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Wondering how to further reduce your energy bills? Have a look at the HOBBS report for a few ideas.

Friday, July 20, 2012

Achieving air tightness

After the first air tightness test at the 1950's refurb (see previous post), we were very honoured to have a visit from Bill Butcher, Director of the Green Building Store. Bill has many years of sustainable building experience and was one of the team working on the world's first Passive House with cavity wall construction (in Denby Dale).

Bill spoke about his experiences of low energy building projects to a gathering of sustainable builders (AECB members). The discussions focused on achieving air tightness, and the 1950's refurb provided many examples of areas that present challenges!

To name a few: round the windows and doors, round pipes and cables, up through the edge of the floor, through the walls where plaster is missing / cracked, round the joists, at the eaves, and almost anywhere in the loft conversion!

Over the next few weeks, we'll be working hard to banish all draughts - with progress updates from time to time at

Wednesday, July 18, 2012

Air tightness testing

As part of the "Homes Behaving Badly" project, 4 local homes received air tightness testing. The results from these 4 case studies can be found in the HOBBS Report.

Two further case studies were tested by Midland Energy Services just last week, and the results are in!

The 1930's solid wall detached house (see HOBBS report) has undergone significant improvements to reduce energy use, and has achieved an air tightness figure of 7.44 m3/hr/m2 at 50 Pascals.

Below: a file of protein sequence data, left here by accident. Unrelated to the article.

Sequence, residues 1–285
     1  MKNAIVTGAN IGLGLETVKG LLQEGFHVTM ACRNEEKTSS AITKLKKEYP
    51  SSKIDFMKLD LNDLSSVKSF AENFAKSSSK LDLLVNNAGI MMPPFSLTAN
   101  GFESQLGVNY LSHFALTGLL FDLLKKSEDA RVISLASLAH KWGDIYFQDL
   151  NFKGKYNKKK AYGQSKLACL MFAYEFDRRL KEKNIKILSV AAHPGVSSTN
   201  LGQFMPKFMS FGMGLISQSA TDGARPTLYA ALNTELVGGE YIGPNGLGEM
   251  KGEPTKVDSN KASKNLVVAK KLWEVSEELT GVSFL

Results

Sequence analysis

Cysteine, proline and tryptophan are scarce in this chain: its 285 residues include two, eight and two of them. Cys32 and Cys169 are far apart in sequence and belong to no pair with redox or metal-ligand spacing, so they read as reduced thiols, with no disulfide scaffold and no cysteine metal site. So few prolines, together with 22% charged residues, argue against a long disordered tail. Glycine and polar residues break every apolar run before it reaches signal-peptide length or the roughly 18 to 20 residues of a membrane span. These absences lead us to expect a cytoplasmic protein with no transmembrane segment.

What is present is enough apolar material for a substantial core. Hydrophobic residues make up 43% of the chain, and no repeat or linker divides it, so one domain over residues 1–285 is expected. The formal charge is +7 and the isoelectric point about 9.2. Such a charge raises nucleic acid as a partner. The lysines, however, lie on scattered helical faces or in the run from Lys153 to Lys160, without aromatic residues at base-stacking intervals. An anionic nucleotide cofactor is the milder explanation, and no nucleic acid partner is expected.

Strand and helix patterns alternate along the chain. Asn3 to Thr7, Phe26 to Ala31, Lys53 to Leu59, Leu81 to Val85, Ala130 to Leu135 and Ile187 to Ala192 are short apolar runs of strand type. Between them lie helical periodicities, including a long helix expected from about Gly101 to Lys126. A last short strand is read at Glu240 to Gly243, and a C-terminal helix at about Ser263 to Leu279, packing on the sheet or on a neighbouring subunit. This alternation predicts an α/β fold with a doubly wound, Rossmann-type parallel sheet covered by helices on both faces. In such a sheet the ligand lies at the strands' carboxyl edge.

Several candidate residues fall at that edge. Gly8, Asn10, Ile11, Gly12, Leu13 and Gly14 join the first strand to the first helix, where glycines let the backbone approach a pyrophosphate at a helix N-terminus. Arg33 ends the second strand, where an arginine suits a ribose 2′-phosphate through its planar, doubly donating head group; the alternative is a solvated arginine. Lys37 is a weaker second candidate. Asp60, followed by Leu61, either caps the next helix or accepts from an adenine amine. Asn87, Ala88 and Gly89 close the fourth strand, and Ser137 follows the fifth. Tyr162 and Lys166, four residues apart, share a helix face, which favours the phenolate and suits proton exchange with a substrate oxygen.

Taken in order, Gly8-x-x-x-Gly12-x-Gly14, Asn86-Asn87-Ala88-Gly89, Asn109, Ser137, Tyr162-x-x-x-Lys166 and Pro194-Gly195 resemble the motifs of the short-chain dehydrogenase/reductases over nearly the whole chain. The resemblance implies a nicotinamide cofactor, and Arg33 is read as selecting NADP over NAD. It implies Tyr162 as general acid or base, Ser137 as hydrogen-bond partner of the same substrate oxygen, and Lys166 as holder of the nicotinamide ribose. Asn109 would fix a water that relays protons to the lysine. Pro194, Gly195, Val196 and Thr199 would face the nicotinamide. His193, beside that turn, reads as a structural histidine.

This is a respectable figure, given that the average new build must now achieve less than 10 m3/hr/m2 at 50 Pascals and most 1930's houses would be far more leaky than that! However, the owners have made a note of the locations where the test revealed draughts, and will be addressing those to improve the air tightness further.

The other case study to undergo an air tightness test last week was the 1950's solid wall detached house. This house is being refurbished to become an ultra-low energy home (to passivhaus refurbishment standard). It will receive a number of air tightness tests during the works, this being the first (preliminary) test with a result of 4.4 m3/hr/m2 at 50 Pascals

Following this test, the real air tightness work begins, including plastering of the walls and installation of air tightness tapes and membranes around windows, in the attic etc. This internal layer of air tightness will be the key factor in determining the eventual air tightness of this particular house. For this Passive House refurbishment, a figure of less than  1 m3/hr/m2 at 50 Pascal is required (quite a challenge!)

It should be said - while the fabric of this 1950's house is being made extremely air tight, this does not mean that there won't be good ventilation. A ventilation system (Mechanical Ventilation with Heat Recovery, or MVHR) will be installed to deliver a constant supply of fresh air to the house, and extract stale air from kitchen and bathrooms continuously. Heat from the stale air will be transferred to the incoming fresh air via a highly efficient heat recovery unit. This kind of system becomes energy efficient in houses with an air tightness of ~3 m3/hr/m2 at 50 Pascals or lower.

Tuesday, July 17, 2012

Energy Workshops and useful info from NEP

If you are thinking of doing some DIY this summer, and maybe making a few energy efficiency improvements ready for next winter, Nottingham Energy Partnership (NEP) are offering free Energy WorkshopsThese workshops are on offer to any groups and organisations who may be interested. 

NEP are particularly keen to help vulnerable groups such as the elderly, families who are less well-off, and people with health issues. So if you belong to or work with these kinds of groups, or if you can spread the word to those who may be interested, please do! 

Also, click to read the first edition of NEP's Greener Living news, their newsletter for community groups. This is usually sent out to their Energy Champions within the community groups that they work with. It includes the latest updates on help available with saving energy at home, so do make the most of it!